Tuesday, April 18, 2006

abstraction and american wiring

Something relatively outrageous about the US government mounting an exhibit about Dada. Tyler Green's review nearly does it justice, certainly his tone is fitting. Green does us the service of linking to Blake Gopnik's piece in, of all places, the Washington Post. I'd reccomend skipping that one.

There are numerous reasons for the split with European thinking and surrealism in the advent of Abstraction Expressionism. Of course there are simple reasons like the CIAs involvement which you can read about elsewhere. Probably more important, as Gopnik's fun Public Relations- style brochure typing shows, the English speaking world is less wired for the hard truth about reality than the continent. Prim, proper English would rather not trouble with the gore in which the ruined continent seemed every generation to immerse itself.

So whether I am talking about Dada after the first or Abstract Expressionism after the second world war, after-all, we are trying to tell a story and that story is one of American triumph, not one of other peoples' misery. Whether the misery be Jackson Pollocks at the hands of a psychoanalyst or Hans Richter, god-knows where, all of it is inconvenient to the myth being created, until later, in Pollock's case, when drama is needed for the secondary market campaign on the soap opera.

You see the danger of giving something like this Arp piece to people with no knowledge of history. A bit like giving a car to a 7 year old and then asking him to teach driver's education. I am still particularly fond of Robert Hughe's comparing the lack of training given American artists to a pandora's box. 2 generations on and we have nothing to show for it but a stream of Yale graduates whose MFAs shine mightily like Wharton Business School diplomas. And these Yalies will be as quick to defend Wharton, which not only teaches nothing but lacks even the ridiculous self-reflective mirror that Yale so amply polishes every year.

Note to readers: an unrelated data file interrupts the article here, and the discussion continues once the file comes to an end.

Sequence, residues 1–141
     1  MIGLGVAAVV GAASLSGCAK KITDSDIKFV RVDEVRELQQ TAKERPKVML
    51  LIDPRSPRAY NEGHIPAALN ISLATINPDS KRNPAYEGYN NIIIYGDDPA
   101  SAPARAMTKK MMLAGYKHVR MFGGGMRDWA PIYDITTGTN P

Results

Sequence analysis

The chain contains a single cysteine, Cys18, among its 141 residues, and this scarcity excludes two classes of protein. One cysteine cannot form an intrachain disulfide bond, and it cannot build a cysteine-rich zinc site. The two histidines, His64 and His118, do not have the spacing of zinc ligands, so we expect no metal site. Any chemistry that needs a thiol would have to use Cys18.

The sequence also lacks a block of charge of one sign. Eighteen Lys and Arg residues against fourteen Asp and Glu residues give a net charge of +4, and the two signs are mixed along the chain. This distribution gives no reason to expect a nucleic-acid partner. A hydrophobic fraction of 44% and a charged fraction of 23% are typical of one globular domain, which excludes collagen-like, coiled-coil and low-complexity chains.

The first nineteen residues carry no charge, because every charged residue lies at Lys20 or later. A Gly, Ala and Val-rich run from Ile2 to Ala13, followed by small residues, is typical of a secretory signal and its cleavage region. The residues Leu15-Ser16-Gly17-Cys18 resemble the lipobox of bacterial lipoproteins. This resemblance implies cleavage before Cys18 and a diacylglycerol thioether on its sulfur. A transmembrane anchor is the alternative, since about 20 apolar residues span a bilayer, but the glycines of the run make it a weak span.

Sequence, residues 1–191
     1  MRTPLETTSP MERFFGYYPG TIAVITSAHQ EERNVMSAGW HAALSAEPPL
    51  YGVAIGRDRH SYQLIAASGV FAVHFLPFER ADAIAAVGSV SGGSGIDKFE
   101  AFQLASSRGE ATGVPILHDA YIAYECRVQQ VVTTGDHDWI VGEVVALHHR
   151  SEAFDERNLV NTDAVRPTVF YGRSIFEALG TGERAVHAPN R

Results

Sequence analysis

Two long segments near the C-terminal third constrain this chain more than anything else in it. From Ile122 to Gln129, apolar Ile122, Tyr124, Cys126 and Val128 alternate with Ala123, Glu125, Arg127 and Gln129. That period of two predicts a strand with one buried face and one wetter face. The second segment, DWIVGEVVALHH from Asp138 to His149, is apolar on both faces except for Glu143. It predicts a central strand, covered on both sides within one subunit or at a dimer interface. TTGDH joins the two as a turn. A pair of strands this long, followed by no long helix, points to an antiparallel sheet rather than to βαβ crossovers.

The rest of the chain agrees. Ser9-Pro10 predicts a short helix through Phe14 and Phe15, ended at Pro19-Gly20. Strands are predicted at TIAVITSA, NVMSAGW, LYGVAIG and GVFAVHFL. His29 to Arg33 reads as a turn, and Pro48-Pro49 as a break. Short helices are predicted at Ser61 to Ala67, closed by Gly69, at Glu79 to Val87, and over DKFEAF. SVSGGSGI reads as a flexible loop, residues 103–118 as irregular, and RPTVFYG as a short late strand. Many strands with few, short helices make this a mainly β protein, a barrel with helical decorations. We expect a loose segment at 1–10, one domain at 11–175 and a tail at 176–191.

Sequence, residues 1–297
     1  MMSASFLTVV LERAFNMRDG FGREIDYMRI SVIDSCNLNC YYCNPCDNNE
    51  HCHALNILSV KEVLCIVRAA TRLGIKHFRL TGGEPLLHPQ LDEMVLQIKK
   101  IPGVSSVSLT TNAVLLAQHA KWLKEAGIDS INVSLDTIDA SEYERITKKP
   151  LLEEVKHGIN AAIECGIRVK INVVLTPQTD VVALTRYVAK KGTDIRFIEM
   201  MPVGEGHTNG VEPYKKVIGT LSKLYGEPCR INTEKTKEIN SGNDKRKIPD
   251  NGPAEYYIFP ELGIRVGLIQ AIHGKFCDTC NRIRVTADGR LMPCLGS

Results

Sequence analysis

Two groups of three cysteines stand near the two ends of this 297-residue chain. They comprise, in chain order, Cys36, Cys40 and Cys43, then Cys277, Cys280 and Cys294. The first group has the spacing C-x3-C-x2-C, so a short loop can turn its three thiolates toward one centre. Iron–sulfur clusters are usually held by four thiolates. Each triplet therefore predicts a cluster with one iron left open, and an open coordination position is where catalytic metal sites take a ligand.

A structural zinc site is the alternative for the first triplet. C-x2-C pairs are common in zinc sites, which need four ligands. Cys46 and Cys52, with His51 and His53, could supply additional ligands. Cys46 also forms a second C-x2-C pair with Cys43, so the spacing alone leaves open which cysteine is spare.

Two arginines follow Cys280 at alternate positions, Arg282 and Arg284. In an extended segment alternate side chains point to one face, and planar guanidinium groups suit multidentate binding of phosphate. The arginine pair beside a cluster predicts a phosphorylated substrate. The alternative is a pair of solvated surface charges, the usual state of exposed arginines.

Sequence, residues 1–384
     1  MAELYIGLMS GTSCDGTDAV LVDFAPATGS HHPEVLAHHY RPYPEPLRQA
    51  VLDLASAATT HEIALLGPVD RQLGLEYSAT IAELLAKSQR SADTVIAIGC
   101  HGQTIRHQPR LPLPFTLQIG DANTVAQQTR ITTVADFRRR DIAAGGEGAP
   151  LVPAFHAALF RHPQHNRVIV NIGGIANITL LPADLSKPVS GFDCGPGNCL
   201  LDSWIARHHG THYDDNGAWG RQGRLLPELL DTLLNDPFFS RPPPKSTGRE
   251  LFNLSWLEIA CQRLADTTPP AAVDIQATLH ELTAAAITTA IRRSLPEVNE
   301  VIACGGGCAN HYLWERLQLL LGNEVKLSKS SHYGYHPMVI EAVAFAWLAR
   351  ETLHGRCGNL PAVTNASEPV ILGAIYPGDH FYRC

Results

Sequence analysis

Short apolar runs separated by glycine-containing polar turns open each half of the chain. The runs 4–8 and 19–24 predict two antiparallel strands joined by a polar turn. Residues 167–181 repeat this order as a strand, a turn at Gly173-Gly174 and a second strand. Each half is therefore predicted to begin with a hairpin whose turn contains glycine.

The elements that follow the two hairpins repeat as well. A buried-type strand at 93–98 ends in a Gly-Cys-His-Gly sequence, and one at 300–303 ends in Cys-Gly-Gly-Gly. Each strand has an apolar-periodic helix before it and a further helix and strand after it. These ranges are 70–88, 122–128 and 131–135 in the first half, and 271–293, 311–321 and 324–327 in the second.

Ah, but in Wilde's cliche, those of us screaming the loudest just want in. Part of the reason I am writing more now, is because I believe we are truly staring at the collapse of the US constitution. I don't advocate for this or for anything outside of understanding in the arts. Far and broad understanding I hope. I am going to venture closer to understanding "un-intentionality" in the next post but for now I think it might be helpful to send out some life-rafts to the so many of us not simply drinking in the lounge trying to ignore the odd pitch of the ship's bar.

Illustrations are from the National Gallery of Art's page on the Dada exhibit.

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